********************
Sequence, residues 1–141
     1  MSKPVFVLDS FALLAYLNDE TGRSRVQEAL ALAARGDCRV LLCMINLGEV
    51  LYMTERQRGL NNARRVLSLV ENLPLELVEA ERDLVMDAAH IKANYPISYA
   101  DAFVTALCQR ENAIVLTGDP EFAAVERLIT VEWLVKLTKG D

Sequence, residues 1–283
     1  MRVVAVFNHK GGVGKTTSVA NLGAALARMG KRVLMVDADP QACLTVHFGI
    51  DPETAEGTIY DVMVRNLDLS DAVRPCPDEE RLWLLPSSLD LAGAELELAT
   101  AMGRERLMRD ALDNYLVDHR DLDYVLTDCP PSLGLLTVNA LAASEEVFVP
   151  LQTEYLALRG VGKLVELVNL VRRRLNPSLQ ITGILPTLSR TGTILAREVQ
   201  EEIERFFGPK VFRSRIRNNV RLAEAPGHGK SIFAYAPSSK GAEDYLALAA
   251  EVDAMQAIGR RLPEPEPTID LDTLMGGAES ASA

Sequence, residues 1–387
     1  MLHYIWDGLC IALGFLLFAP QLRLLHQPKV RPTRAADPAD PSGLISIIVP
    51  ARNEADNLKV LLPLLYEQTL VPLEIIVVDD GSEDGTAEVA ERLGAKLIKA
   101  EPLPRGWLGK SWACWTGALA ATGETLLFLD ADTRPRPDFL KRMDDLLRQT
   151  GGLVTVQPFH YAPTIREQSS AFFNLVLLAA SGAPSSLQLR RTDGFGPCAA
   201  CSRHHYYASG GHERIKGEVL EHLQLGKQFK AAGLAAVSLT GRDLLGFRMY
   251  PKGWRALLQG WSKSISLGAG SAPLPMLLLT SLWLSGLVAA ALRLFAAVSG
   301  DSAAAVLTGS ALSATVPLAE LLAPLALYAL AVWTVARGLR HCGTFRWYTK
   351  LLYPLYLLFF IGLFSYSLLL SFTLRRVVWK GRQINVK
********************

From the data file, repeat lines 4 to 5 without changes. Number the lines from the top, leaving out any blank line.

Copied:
   101  DAFVTALCQR ENAIVLTGDP EFAAVERLIT VEWLVKLTKG D

Sequence, residues 1–283